In his review of the 2009 blockbuster sequel Transformers: Revenge of the Fallen, Rolling Stone film critic Peter Travers mentioned, "I know [this franchise is] popular. So is junk food, and they both poison your insides and rot your brain." He went on to call the film (along with its predecessor) "the worst movie of the decade," and furthermore created, alongside his ever-popular "Scum Bucket" of bad-review movies, a "Transformers Scum Bucket" for any such movie that measured up.
Mr. Travers may have been harsh in his criticisms, but at least he was honest and made a solid point in that a movie's (or franchise's, for that matter) popularity doesn't necessarily solidify that it's going to be a great movie nor that it will be worthwhile.
When the first Transformers came out in the summer of 2007, I, like many moviegoers, was excited to see mind-blowing special effects in the form of space robots. In other words, it was actually really cool (and somewhat nostalgic) to see such attention to detail and visual imagery at the time. And it was, perhaps, that sense of anticipation alone that made the first movie (directed by none other than Michael Bay, and based on the popular toys from Hasbro) entertaining, as well as on the same par of such revolutionary visual film experiences as Jurassic Park and the Lord of the Rings trilogy.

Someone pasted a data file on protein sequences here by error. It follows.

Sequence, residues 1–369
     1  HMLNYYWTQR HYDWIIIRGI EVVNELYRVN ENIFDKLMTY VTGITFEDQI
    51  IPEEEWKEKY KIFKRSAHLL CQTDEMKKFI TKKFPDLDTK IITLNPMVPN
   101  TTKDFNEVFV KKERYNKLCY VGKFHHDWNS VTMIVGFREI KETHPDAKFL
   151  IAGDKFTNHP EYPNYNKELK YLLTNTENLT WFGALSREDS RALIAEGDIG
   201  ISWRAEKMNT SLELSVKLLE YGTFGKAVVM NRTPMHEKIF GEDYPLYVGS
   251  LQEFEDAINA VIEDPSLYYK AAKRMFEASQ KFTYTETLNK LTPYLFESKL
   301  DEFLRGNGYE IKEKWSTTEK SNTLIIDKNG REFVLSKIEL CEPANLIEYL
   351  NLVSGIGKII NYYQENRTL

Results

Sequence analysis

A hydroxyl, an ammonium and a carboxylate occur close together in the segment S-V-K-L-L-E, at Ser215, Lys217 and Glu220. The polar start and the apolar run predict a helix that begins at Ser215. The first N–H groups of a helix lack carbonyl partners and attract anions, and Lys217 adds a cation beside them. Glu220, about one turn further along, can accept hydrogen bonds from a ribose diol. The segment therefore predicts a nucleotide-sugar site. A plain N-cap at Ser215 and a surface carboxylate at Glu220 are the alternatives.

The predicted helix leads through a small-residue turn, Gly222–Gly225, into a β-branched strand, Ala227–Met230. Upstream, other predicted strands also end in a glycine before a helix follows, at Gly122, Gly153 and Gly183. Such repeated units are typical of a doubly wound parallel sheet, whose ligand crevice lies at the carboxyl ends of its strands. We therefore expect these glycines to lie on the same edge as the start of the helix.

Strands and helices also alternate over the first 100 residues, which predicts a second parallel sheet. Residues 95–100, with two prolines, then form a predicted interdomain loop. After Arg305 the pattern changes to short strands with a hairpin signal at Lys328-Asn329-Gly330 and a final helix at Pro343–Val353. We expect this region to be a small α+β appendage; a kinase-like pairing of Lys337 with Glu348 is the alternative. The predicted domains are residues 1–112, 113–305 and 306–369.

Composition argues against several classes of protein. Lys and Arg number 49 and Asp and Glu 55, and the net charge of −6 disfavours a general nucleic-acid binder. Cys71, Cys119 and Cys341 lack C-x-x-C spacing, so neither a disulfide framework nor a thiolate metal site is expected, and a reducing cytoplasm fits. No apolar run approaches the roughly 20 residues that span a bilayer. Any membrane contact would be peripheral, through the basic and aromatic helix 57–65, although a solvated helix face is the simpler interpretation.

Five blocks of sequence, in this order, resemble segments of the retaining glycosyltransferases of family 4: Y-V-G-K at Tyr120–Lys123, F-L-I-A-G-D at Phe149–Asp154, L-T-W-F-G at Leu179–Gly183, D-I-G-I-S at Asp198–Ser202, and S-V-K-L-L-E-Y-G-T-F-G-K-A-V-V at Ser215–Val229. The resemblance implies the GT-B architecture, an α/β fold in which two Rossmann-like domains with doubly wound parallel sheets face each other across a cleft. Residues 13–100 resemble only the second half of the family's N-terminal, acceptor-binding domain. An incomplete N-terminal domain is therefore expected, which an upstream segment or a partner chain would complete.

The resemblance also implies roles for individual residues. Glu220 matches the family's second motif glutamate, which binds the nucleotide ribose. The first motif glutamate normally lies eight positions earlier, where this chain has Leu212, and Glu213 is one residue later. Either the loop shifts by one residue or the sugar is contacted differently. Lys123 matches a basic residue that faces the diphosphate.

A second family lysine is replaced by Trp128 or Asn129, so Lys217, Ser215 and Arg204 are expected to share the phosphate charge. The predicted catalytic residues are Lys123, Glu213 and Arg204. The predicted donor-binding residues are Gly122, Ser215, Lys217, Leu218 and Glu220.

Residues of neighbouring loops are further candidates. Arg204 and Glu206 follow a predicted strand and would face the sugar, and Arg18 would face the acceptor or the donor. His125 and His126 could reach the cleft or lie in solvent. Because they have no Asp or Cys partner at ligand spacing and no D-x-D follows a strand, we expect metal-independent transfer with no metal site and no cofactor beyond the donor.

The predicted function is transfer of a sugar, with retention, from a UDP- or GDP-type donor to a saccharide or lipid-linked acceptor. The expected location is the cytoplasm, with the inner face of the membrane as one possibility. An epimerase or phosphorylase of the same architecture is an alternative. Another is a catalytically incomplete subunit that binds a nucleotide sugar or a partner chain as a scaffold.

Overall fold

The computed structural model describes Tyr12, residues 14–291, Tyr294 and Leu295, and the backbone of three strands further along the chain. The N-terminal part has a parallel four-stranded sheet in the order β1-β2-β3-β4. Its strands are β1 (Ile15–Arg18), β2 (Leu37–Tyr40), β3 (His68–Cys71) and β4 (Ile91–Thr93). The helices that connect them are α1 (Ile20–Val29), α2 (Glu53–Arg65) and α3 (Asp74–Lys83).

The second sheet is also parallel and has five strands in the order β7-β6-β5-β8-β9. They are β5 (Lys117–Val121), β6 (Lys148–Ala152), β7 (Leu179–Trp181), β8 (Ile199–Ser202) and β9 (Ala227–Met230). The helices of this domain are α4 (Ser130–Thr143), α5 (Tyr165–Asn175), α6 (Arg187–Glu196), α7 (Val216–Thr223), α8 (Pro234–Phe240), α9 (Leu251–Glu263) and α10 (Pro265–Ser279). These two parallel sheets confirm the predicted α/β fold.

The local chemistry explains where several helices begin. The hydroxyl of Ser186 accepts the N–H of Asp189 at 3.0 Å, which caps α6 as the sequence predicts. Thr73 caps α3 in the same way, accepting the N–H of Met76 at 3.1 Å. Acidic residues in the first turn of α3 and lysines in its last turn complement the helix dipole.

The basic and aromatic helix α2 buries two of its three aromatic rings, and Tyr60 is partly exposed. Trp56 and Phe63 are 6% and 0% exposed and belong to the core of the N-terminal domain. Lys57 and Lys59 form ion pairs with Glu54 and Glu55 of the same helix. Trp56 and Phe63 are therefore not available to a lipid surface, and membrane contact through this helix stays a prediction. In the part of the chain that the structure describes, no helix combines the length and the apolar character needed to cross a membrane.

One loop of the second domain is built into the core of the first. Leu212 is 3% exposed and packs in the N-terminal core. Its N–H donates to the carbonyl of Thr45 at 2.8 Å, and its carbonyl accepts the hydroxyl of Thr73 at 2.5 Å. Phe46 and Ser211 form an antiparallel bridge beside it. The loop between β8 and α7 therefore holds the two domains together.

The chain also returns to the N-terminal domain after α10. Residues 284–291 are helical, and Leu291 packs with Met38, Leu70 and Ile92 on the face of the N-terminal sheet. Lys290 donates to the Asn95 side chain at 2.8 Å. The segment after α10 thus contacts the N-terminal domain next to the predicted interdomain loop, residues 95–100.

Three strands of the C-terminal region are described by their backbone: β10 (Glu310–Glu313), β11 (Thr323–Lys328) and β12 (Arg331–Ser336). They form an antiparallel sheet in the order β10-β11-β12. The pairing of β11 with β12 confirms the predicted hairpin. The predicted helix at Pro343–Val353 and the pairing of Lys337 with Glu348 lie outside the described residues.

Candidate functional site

That same feeling seemed evident with the release of the aforementioned sequel. As it would turn out, negative reviews and bad word of mouth from critics (and audiences) resulted in possibly the most disappointing summer blockbuster to end all disappointing summer blockbusters. It did go on to become one of the highest-grossing films of all-time. But for many, it became the equivalent of nothing more than a cinematic migraine--an assault on the senses and emotions.
What disappointed me personally wasn't so much the endless action and special effects in the second film--well, all of that was extremely overdone and ugly to a fault--as was the appalling amount of crassness and sexual content, especially the immodesty and objectification of just about every female character in the movie. This is suppose to be entertaining?!? I thought to myself, "Does anybody remember that this movie is based on kids' toys?" And they're marketing this kind of stuff (humping dogs, robot testicles, and scantily-clad women) to children?!? In addition, as another review implied, is this really what audiences want to see? Lest we forget, this film runs an unapologetic two-and-a-half-hours!
The experience of watching this film (along with writing notes and considering Mr. Travers' critique) helped me grow in my understanding of film criticism and taught me a lot about the difference between a movie's success based on money (e.g., how many people go to see it) and a movie's success based on the impact it has (e.g., a critical and thorough point of view). As previously mentioned, just because it's a big, loud, and action-packed experience, and just because it makes a lot of money (and let me emphasize a lot), and furthermore just because a lot of people go to see it, doesn't mean it's worth seeing.